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Nevada voters to pick presidential candidate this week

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Casey Harper

(The Center Square) – Nevada voters will head to the polls this week for their state’s Republican presidential primary, and in an unusual twist, their caucuses.

Having both a primary and caucuses is unusual and is a result of an intrastate battle over which electoral system to embrace.

The state of Nevada will hold its primary Tuesday, where only former Ambassador Nikki Haley will be on the ballot. However, after a legal battle with the state of Nevada, the Nevada Republican party will not recognize the results of that primary and instead recognize the results of the Thursday caucuses. Haley chose to stay on the primary ballot, not the caucuses ballot, leaving Trump essentially the inevitable winner of the state's 26 delegates.

PROMO 64J1 Map - Nevada State Map - iStock - dk_photos

© iStock - dk_photos

The confusion comes after the state transitioned from the caucuses system to the primary system but Nevada Republicans rejected the effort, deciding to stick with the state's tradition of caucuses.

On the ballot or not, polling suggests it wouldn’t matter in Nevada, where former President Donald Trump holds a nearly 60-point lead, according to Real Clear Politics' polling average last updated in January.

Notably, there is a "none of the above" option on the Tuesday primary ballot, which risks Haley losing to that nameless category, a potential embarrassment for her campaign.

Haley is holding onto hope in the overall race, though, despite Trump’s lead and his recent victories in Iowa and New Hampshire.

All of Trump’s other rivals have dropped out, most recently Florida Gov. Ron DeSantis, who was once considered his greatest challenger.

Others have endorsed Trump, including DeSantis, U.S. Sen. Tim Scott, R-S.C., and former billionaire Vivek Ramaswamy, who dropped out of the race after Iowa's caucuses.

PROMO 64J1 Politician - Donald Trump - FlickrCC - Gage Skidmore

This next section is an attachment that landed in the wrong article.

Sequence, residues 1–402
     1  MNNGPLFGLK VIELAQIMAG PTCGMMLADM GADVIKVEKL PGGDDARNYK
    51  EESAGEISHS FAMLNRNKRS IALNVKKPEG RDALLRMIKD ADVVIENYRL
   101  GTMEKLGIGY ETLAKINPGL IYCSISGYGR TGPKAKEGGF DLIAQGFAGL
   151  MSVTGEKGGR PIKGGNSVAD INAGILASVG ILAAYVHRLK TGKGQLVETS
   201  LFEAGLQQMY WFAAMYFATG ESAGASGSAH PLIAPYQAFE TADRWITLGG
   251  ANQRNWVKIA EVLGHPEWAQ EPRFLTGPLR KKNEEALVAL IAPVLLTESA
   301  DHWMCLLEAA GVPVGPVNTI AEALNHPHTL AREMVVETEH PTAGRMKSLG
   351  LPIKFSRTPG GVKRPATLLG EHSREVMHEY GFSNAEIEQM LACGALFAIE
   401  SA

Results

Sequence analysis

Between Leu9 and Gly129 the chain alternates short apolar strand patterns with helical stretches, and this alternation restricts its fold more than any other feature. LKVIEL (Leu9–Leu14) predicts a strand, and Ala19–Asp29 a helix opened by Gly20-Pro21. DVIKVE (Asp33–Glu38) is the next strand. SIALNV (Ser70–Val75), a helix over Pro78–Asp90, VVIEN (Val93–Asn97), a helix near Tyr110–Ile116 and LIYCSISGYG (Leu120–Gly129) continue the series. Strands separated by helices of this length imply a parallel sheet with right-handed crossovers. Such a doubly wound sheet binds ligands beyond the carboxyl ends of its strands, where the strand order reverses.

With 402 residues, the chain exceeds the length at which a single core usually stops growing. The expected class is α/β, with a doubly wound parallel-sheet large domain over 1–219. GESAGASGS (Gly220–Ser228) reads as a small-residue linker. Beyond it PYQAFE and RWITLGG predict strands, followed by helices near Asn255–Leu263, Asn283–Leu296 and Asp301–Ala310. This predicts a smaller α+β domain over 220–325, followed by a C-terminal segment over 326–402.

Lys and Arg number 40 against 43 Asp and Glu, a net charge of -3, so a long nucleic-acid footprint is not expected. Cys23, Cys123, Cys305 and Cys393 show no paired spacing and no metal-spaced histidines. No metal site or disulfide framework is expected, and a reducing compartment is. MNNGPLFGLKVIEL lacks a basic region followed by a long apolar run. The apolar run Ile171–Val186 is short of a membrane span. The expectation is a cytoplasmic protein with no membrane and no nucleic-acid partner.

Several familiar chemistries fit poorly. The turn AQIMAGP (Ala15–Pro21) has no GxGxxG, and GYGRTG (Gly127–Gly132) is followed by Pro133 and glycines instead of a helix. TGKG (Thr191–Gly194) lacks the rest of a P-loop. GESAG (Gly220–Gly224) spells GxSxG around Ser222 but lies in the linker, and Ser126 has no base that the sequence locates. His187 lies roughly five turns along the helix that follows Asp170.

U.S. President Donald Trump. FlickrCC - Gage Skidmore

Scott’s endorsement is a particular blow to Haley since she appointed him to the Senate seat when she was governor of the state in 2012. South Carolina is the next major primary state, with a vote scheduled for Feb. 24.

The latest polling shows that even in her home state, Haley is trailing far behind Trump.

Real Clear Politics’ polling average for South Carolina has Trump currently leading Haley with 53.7 percent compared to Haley’s 26.7 percent support.

Nationally, RCP’s average has Trump beating Haley with about 73 percent support against Haley’s 19 percent.

Haley, though, has seen a rise in polling since entering the race. If she can reach her more moderate audience, her campaign hopes to make this race more competitive.

On top of that, she could be the only remaining candidate in the race if Trump is somehow removed or loses a wave of support because of his many legal issues, most notably the nearly 100 criminal charges across multiple states.

"We’re not taking any vote for granted – we’re going to work every day to earn South Carolina's vote," Haley wrote on X, formerly known as Twitter, on Friday. 

Many Republicans, though, say the race is over and have called for their fellow Republicans to focus on taking down President Joe Biden.

Biden will be on the primary ballot Tuesday, and no one candidate has arisen as the clear Democratic alternative to the president.

National polling and battleground state polling shows that Trump, the clear frontrunner at the moment, has a real chance of defeating Biden.

Biden, meanwhile, has challengers with maybe even less chance than Trump’s opponents.

RealClearPolitics’ polling average has Trump polling nationally at 46.6 percent to Biden’s 44.8 percent support. Trump’s margin over Biden expands in some key battleground states.

Trump leads Biden by seven points in Georgia, 48.7 percent to 41.5 percent; and leads Biden by about the same gap in Nevada, with 49 percent support to Biden’s 42 percent support.

Trump leads by about nearly five points in Arizona, 47 percent to Biden’s 42.5 percent support. In Michigan, Trump does a bit better, besting Biden’s 41.7 percent support with his own support of 46.8 percent according to Real Clear Politics’ polling average.

In Wisconsin and Pennsylvania, the two candidates are nearly tied.